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Saturday, 28 October, 2000, 07:42 GMT 08:42 UK
Best mates: Chess and the web

The World Chess Championships in London is the first to be broadcast exclusively on the internet. No surprise, really - the slow pace of the action suits the nascent technology.

The game of kings - and rooks and pawns - is in the midst of a shake-up.

Vladimir Kramnik at the world chess champs
Kramnik: The man who would take the king
The world champion, Garry Kasparov, is in danger of losing his throne - and a $2m prize pool - at a tournament in London.

The challenger to his 15-year reign is his former pupil, Vladimir Kramnik, who leads the 16-match contest by two points.

Not only is Kasparov's supremacy under threat, the contest itself is an attempt by the UK-based company to overthrow the world chess federation (FIDE).

Its trumpcard is to put the proceedings online, thereby finding the sport - scoff if you will - an ideal habitat.

Sport online

At present, live coverage of most sporting events are ill-served by the internet - limited bandwidth just does not do justice to fast-moving action.

Until broadband becomes widely available, netsurfers cannot get TV-quality pictures on their monitors.

Football players, for instance, are blurred almost beyond recognition as they as bob and weave across the pitch.

Who's the champ?
Garry Kasparov: Quit FIDE in fury after title bid halted
Alexander Khalifman: Won FIDE title in 1999
Anatoly Karpov: Ex-champ, boycotted 1999 match
Bobby Fischer: Stripped of title in 1975 but never beaten
Yet in chess, the action typically involves one grandmaster staring intently at the board for minutes on end before - wait for it - scratching his head.

Record numbers of chess fans are logging on to watch the matches, and several thousand have signed up for text message commentaries or live coverage over Wap-enabled phones.

Instead of streaming a video that refreshes the whole image, the site just updates the segment of the image that moves, spokesman Dan Ward says.

"You see their facial expressions and gestures, but 80% of the image, such as the static background, is not refreshed."

While watching the grandmasters lock horns, fans can e-mail expert analysts or place an online bet.

Saving the game

Kasparov has even gone as far as calling the internet "a saviour for chess".

Yet this has been at the expense of chess clubs.

Chess board
A spectator sport? Paint dries faster
Players who no longer have the time or inclination to attend club nights or tournaments can instead link to opponents around the world.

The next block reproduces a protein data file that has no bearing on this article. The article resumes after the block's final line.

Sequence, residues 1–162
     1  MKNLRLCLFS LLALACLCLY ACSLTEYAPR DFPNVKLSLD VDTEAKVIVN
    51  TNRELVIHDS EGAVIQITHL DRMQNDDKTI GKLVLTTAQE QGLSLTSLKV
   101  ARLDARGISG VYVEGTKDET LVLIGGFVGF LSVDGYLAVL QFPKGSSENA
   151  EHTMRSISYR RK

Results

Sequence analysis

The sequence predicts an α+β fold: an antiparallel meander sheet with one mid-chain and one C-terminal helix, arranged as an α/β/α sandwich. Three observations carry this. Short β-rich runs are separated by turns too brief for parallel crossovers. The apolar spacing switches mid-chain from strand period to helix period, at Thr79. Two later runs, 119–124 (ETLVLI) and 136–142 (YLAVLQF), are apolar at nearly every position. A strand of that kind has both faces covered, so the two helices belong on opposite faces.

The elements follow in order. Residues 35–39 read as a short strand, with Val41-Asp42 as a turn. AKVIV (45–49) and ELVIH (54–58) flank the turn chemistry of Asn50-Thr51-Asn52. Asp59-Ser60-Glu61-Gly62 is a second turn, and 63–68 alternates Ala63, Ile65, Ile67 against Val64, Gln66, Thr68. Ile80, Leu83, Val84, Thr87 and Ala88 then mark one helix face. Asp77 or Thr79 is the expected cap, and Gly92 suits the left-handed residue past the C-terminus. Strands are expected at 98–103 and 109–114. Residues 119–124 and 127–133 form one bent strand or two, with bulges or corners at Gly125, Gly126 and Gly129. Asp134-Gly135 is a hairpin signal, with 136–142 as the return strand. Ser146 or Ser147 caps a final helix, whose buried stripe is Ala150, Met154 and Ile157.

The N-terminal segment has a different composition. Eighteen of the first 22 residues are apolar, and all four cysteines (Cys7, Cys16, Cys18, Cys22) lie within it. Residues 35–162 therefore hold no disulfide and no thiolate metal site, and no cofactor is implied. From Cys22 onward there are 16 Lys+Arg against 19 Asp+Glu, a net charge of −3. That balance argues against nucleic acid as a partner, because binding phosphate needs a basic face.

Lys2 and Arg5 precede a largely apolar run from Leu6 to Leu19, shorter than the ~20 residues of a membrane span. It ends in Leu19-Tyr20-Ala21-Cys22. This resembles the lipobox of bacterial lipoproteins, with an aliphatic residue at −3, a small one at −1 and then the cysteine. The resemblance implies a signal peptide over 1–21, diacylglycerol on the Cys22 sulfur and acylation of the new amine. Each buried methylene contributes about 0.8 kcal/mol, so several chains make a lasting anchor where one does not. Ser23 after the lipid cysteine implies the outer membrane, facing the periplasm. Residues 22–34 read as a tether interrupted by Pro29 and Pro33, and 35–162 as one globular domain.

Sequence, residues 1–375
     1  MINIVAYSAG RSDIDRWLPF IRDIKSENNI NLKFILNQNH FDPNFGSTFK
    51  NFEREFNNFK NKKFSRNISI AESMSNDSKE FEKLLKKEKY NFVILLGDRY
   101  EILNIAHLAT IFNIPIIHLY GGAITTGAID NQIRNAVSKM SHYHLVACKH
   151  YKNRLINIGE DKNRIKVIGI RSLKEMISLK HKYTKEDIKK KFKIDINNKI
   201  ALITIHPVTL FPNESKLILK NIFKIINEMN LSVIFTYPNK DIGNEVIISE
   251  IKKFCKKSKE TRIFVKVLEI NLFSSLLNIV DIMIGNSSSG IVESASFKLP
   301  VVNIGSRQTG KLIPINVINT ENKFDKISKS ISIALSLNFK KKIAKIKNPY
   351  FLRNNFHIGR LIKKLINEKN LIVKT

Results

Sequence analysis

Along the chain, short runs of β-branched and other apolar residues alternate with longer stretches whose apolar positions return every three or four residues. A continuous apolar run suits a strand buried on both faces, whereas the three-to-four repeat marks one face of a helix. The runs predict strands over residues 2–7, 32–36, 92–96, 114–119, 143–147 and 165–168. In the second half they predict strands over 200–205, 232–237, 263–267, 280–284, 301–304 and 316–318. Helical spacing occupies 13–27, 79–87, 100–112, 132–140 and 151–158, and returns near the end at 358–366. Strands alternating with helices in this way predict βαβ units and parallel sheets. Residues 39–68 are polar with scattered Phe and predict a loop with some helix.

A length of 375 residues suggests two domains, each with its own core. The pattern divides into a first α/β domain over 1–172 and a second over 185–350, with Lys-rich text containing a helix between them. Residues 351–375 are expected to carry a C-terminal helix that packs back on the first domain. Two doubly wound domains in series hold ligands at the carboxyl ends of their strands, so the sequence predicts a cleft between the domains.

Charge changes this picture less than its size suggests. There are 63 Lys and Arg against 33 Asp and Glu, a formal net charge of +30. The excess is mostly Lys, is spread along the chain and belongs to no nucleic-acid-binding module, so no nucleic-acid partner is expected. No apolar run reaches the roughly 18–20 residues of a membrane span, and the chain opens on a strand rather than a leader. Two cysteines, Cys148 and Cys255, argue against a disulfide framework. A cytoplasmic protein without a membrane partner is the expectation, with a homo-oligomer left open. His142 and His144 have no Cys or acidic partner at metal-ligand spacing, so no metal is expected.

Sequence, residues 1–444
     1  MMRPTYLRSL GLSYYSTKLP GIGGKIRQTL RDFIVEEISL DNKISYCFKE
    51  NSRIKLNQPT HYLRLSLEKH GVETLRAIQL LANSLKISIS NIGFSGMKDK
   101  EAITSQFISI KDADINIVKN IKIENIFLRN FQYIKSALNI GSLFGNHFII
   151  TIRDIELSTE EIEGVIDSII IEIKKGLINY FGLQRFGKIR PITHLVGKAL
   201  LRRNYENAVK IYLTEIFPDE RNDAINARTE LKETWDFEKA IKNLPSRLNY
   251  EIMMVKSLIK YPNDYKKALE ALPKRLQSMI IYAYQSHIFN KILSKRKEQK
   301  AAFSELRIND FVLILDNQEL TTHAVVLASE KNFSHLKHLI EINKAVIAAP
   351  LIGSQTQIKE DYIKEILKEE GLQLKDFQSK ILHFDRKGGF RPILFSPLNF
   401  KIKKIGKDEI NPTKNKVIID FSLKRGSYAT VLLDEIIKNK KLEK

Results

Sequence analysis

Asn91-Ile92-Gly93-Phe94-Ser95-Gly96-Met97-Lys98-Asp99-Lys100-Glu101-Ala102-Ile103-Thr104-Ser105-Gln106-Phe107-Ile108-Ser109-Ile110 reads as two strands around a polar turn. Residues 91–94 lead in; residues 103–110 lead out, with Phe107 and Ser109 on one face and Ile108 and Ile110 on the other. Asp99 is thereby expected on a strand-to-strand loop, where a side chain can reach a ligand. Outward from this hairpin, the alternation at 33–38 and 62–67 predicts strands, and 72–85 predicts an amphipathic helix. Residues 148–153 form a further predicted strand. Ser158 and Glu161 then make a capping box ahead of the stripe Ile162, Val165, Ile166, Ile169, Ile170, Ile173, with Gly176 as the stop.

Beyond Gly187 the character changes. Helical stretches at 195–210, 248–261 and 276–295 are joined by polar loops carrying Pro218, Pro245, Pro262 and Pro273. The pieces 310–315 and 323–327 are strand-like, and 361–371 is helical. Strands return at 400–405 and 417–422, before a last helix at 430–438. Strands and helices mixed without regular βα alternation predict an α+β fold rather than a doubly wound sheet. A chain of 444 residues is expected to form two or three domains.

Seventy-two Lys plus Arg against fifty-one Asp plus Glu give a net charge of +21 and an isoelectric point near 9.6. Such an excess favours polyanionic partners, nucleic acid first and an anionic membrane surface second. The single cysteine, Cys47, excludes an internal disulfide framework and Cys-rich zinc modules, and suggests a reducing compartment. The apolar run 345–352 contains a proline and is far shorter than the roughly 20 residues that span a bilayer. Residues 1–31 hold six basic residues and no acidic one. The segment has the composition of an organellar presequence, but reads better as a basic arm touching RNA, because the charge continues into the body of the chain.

And wants to give these players a shot at participating in its next world championships.

Competing online, successful entrants will get a shot at playing against the likes of Kasparov and Kramnik in 2002.

"Everybody in the world will be able to enter, even if they're ranked three-millionth," Mr Ward says.

"There's a nice correlation between chess players and internet users - more than 60% of players have access to the web and they do use it."

The company has also set its sights on other "brain games", such as Chinese chess, backgammon and bridge.

Desperate measures

The internet is but the latest medium to try to sex up the game.

Kasparov at play
Mind games: Kasparov is known as 'The Beast'
When Channel 4 last televised a world title contest, it resorted to wonky camera work and enlisted Carol Vorderman as presenter.

Yet the tournament was never going to rival the likes of ratings-winner Big Brother for C4.

Kasparov v Kramnik has proved a much better bet for for

"We are predicting hits of several million over the month-long tournament," Mr Ward says.

As for being the latest rival to FIDE's position - chess politics has been likened to the world of boxing - Mr Ward dismisses the notion.

"We want to unify the world championships, we don't want to challenge FIDE.

"But I suppose we have by staging the world championships."

The next games begin at 1500 GMT on Saturday and Sunday, and the tournament runs until 4 November.

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See also:

08 Oct 00 | Europe
Kasparov fights for his title
08 May 00 | Sci/Tech
Fury at computer's next move
23 Oct 99 | Sci/Tech
Kasparov outplays the planet
27 Sep 98 | Europe
Calls to boycott Chess City
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